If, on a summer afternoon you show up at his home in St. Lewis, Labrador, he’s liable to invite you in for tea and cake, then take you on a tour of his vegetable garden. Then it’s on down to the wharf, to see the salted codfish drying in the sun.
St. Lewis is rural and remote, and feels like real frontier living. Older folks like Chubbs can remember a time when the only way to get around in winter was by dogsled, and until they built the road, the only way to get around in summer was by boat. Folks still live that traditional, hardy existence; because they’re so remote, they don’t have any other choice.
“We pretty much live from the garden and from the ocean,” Chubbs says. “We can get our heat for very little. We’ve got to go in and cut a little wood, but that’s only exercise.”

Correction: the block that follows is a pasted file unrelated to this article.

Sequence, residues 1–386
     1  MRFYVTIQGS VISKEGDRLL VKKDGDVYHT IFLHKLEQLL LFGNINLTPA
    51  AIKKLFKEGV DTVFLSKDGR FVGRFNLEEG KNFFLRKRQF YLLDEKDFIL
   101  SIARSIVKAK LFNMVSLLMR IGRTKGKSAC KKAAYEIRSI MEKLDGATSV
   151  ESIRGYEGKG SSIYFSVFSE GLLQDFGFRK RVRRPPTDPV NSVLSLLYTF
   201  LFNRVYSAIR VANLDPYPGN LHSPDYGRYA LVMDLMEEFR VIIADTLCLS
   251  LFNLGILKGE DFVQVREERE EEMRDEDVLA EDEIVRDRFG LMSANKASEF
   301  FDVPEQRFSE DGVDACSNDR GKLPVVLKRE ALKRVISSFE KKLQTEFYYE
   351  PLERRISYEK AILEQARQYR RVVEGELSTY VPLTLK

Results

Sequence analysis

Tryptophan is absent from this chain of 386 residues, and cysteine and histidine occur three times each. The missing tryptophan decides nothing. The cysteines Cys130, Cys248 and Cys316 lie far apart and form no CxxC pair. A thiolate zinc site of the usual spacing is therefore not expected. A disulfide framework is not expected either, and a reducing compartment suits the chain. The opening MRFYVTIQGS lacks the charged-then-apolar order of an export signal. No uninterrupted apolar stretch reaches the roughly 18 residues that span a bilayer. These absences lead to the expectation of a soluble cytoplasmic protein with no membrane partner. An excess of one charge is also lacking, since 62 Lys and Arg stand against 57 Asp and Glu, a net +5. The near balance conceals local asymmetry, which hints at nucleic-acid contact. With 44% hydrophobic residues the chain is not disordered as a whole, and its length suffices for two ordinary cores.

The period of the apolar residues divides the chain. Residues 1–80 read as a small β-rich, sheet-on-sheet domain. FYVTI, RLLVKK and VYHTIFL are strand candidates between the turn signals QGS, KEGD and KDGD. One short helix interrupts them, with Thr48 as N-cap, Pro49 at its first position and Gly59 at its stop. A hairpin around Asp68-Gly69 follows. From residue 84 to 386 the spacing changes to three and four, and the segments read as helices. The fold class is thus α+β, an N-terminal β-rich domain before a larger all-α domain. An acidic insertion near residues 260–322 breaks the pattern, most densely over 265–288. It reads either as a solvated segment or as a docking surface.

It’s an idyllic life, but call Chubbs up and get him talking about politics, the mood turns dark. The economy is in trouble, and the provincial government’s finances are in terrible shape.
“One of these days, we’re going to go bankrupt,” Chubbs says grimly.
It’s not just Chubbs thinking that way. A January poll by Abacus Data found that 53 per cent of Newfoundland and Labrador residents expect the province to go bankrupt sometime in the next few years, the most likely outcome a federal bailout.
The province is facing a perfect storm of geographic, demographic, fiscal and economic problems, and as the walls close in for Newfoundland and Labrador, the fiscal choices get more and more desperate. And increasingly, people like Chubbs who live a traditional, coastal way of life, are caught squarely in the crosshairs.
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